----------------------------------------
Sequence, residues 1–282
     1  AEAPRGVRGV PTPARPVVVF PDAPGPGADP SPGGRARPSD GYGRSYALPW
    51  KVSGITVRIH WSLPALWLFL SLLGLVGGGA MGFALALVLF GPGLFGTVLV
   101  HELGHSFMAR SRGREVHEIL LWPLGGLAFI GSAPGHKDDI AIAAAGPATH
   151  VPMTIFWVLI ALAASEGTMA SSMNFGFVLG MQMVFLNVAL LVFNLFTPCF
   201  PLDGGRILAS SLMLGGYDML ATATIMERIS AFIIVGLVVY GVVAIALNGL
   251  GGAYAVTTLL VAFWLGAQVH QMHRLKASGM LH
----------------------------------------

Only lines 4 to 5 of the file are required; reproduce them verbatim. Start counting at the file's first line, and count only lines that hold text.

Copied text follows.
   101  HELGHSFMAR SRGREVHEIL LWPLGGLAFI GSAPGHKDDI AIAAAGPATH
   151  VPMTIFWVLI ALAASEGTMA SSMNFGFVLG MQMVFLNVAL LVFNLFTPCF